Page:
With regard to the latter, it appears that the material for a new album from Zero Hour was recorded back in 2002-03. There are problems in finding out what programme the files are in given that it is 15 years ago, but this is being worked on as I type. The band is now officially defunct due to the fact that Troy Tipton can’t play the bass guitar any more. However, the music exists and hope is not lost for it to see the light of day eventually. If, like me, you love Jasun’s guitar playing, all this is superb news.

Anathema

In my previous series, I listed Anathema in hope as much as expectation but felt it was a calculated risk based on their normal release cycle of late. There is still no definitive word on a new album in 2017, but the omens are good based on a recent post by the band on social media. The picture is below and I invite you to draw your own conclusions. Personally, I am buoyed by this latest inferred development and will keep my eyes open for more concrete news very soon.

anathema

Seventh Wonder

According to a post on social media, Seventh Wonder are hard at work in the studio at the moment, working on a long overdue follow-up to ‘The Great Escape’. It is too early to say for sure when the new album will be released but at least we now have definitive confirmation that a new record will see the light of day before too long. Finally!

Vanishing Point

Whilst the band pages have been quiet of late, guitarist and all-round top bloke Chris Porcianko posted an update on 17th January to say that vocalist Silvio and he had met up for another pre-production vocal. No samples sadly, but in Chris’ own words: ‘he’s killing it!!’ In addition, he goes on to say: ‘Totally loving the new shit, it’s sounding really, really great…’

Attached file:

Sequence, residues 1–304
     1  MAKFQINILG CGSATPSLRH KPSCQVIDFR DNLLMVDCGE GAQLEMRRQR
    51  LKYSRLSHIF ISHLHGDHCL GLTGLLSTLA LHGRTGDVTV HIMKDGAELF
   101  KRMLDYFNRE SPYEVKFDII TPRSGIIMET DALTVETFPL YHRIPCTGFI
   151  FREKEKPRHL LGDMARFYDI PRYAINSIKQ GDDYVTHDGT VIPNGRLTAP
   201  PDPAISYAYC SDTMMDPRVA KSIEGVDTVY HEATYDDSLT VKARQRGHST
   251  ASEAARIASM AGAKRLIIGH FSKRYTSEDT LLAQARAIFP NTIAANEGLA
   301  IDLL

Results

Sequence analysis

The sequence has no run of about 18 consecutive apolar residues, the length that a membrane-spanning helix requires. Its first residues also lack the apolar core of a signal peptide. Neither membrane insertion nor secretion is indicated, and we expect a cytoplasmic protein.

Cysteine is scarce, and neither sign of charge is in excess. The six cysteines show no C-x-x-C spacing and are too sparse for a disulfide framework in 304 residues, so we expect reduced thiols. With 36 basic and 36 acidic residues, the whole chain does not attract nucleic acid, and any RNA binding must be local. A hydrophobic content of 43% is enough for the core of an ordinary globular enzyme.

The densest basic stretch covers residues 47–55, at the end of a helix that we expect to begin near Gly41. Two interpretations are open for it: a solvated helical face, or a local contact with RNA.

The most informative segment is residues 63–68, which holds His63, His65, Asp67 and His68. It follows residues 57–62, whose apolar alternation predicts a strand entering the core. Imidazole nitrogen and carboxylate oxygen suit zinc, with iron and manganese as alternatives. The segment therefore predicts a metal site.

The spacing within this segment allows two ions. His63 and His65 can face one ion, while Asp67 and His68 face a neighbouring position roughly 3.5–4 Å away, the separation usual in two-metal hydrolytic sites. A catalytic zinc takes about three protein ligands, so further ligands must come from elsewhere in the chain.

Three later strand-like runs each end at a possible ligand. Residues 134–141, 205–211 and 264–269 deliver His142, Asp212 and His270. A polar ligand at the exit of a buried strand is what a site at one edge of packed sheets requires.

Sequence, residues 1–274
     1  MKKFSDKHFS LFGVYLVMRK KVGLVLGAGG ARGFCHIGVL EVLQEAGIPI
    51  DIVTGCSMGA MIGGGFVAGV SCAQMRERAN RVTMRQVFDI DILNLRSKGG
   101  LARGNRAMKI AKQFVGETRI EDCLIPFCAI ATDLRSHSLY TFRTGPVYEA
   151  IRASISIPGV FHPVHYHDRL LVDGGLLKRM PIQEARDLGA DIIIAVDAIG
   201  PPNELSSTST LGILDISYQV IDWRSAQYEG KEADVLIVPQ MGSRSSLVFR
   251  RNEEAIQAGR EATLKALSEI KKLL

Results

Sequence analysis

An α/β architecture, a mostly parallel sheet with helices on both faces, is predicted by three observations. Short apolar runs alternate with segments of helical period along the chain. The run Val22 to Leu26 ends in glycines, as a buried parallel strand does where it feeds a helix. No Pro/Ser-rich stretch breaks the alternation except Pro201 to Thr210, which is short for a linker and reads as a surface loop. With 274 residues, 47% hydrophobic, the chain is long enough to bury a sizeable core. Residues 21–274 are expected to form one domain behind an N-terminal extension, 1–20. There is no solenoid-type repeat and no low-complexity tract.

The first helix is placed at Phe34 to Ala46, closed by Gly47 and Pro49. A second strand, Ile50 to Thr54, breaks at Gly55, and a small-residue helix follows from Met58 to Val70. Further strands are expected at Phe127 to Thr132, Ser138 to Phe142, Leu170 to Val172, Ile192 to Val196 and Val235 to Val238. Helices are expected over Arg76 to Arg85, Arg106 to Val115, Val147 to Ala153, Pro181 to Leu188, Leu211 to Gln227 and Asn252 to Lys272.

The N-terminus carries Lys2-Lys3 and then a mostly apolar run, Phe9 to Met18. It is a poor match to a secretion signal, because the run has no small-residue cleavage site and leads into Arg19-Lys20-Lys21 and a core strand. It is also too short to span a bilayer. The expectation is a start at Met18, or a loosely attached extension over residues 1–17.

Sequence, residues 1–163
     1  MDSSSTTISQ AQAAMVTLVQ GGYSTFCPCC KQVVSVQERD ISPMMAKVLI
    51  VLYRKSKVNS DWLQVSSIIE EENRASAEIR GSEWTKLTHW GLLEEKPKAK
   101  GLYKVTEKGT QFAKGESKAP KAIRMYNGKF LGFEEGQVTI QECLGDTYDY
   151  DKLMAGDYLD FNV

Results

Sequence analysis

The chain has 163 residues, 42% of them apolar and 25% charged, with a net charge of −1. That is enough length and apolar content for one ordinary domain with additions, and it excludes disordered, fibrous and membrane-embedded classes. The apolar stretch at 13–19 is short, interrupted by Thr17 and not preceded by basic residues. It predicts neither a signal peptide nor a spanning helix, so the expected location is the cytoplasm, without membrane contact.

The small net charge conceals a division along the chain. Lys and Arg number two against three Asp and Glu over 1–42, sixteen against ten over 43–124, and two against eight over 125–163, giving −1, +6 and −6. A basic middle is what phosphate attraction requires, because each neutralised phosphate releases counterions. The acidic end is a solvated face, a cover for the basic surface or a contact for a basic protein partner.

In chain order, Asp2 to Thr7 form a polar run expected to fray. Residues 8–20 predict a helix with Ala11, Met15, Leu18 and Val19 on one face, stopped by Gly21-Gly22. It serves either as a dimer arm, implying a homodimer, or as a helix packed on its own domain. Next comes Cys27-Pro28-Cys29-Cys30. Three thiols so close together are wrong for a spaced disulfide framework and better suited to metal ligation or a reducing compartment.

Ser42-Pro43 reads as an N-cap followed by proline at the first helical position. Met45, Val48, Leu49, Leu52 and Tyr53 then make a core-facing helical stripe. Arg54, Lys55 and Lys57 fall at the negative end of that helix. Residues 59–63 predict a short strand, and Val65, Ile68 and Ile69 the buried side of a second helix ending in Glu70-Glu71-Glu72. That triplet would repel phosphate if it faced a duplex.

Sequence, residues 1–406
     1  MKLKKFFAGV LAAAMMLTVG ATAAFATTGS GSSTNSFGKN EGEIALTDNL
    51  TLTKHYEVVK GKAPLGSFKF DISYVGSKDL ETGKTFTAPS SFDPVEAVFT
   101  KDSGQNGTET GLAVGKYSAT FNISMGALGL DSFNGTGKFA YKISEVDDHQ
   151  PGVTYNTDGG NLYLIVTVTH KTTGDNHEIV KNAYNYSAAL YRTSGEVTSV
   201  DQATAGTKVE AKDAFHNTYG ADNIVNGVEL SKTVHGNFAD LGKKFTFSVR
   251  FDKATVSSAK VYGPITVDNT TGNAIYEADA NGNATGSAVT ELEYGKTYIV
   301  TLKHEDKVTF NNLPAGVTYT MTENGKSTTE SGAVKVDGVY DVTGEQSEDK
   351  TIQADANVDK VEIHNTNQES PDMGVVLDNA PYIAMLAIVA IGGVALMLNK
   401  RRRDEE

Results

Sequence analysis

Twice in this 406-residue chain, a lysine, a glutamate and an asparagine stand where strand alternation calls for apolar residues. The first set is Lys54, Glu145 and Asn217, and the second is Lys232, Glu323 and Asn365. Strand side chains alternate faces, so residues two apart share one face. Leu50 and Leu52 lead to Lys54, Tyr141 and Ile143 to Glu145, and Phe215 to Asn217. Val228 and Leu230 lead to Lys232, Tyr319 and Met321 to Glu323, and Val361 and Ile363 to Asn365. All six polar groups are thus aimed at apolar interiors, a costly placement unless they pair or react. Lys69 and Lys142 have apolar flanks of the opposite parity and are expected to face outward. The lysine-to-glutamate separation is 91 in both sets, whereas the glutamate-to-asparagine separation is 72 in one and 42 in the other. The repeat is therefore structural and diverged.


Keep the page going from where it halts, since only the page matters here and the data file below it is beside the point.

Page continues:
Anyone else’s excitement levels just go up a notch? I think we’re guaranteed a new album in 2017 now.

My most anticipated releases of 2017 – Part 2

Welcome to part 2 of my mini series taking a look into my crystal ball at some of the albums I know, think or hope will see the light of day during the year ahead.

If you missed part 1, you can read it here: My most anticipated releases of 2017 – Part 1

Forgive me if you’ve seen a few of the names already mentioned in previous series from previous years. However, my crystal ball doesn’t always work and, when coupled to the oft-fickle music world and the fact that the bands I like aren’t always full-time musicians, there is a lot of scope for getting things hopelessly wrong. So I have.

But hey, I hope it still makes for interesting reading. And on that note, here are another five albums I’m hoping for in 2017…

Kingcrow – TBC
Release date: TBC

Are we due another Kingcrow album so soon after the incredible ‘Eidos’ from 2015? I don’t know and perhaps it is a little unlikely; this is definitely mentioned more in hope than expectation. However, I do know that the band are hard at work writing new music, so it isn’t perhaps beyond the realms of possibility.

What I can say for sure is that if ‘Eidos’ was anything to go by, the Italian progressive metal band are on an upward trajectory. ‘Eidos’ was a cracking album full of beautiful and sophisticated progressive music which was deceptively complex and technical. With Kingcrow, beauty and atmosphere come first, meaning that the songs themselves are packed full of emotion and gorgeous melodies. However, give the music time and those subtle intricacies reveal themselves and lend the music genuine longevity. The more I type, the more I hope that Kingcrow deliver another masterpiece in 2017.